Friday, April 10, 2015

Joyce Kozloff

By Sian Ballen & Lesley Hauge
Photographs by Jeff Hirsch

Joyce Kozloff’s new show at the DC Moore Gallery (March 26th to April 25th) is the culmination of over four years of work in which she has returned to ideas that had once dominated the paintings of her earlier career. One of the founders of the Pattern and Decoration movement in the 1970s, she says that she and the other artists in the movement deliberately set out to “make the most decorative work we could possibly make” in an effort to remove the stigma and the pejorative assumptions associated with the word “decoration” (Pattern doesn’t come in for quite the same levels of dismissal). As she started her career in the 1970s, she knew that her response to richness of the visual world of Islamic cultures in particular meant that she risked being consigned to the lower reaches of the art world hierarchy but she became involved with feminist collectives that gave her support, persevered and now, she feels, is witnessing an almost seamless absorption of pattern and decoration into contemporary art. “… none of them have even heard of  Pattern and Decoration!”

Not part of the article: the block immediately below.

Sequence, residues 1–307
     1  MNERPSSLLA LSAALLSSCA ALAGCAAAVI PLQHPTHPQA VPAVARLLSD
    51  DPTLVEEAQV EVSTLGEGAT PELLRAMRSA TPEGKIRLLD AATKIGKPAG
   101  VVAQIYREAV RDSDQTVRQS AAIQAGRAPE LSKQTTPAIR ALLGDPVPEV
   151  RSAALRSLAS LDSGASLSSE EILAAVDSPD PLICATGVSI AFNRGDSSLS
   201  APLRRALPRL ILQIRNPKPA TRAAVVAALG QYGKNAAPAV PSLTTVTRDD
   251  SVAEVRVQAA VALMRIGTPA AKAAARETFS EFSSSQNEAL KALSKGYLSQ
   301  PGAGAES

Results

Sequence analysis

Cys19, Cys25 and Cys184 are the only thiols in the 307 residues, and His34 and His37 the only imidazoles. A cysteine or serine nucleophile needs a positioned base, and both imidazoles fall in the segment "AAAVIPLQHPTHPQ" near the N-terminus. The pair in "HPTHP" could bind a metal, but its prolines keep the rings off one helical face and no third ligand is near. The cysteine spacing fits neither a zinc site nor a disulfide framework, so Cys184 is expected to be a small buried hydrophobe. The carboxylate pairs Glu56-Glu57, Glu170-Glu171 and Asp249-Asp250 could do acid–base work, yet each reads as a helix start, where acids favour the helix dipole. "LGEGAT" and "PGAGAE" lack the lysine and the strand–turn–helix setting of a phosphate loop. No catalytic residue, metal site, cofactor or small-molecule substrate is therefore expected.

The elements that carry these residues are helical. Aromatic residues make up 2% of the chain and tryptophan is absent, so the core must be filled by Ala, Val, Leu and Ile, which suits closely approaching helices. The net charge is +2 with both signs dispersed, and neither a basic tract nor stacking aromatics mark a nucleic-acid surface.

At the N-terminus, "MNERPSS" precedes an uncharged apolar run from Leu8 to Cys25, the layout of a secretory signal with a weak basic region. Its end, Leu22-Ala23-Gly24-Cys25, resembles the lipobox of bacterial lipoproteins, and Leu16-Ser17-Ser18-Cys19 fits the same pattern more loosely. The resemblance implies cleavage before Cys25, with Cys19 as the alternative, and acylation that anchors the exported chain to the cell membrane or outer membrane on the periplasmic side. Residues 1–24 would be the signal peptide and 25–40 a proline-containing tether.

So you have been busy …

Very busy. And I have a second show at FIAF with a different body of work that’s in a different space. I haven’t shown in New York since September 2010. So this is four and a half years of work.
Joyce and her husband artist and writer Max Kozloff purchased their Soho loft in 1974. In 1989 the loft was renovated by architect Barry Holden.
As a birthday present to Joyce, husband Max asked Chic Sgroi to carve this wooden restaurant sign. Max painted the sign and Joyce added the finishing touches.
A large ficus tree, which grew from a tiny plant, dominates a corner of the loft's dining area.
On the far wall 'Voice,' a 1966 lithograph by Jasper Johns, hangs next to a 2014 painting by Max Kozloff.
You were saying before that you can be very obsessive and your work seems to be very meticulous. Is being obsessive the only way to get a lot of work done?

I think … it seems to be for me. They’re all done except one over there—I’ll probably be working on it until the last minute. It’s very labor intensive work.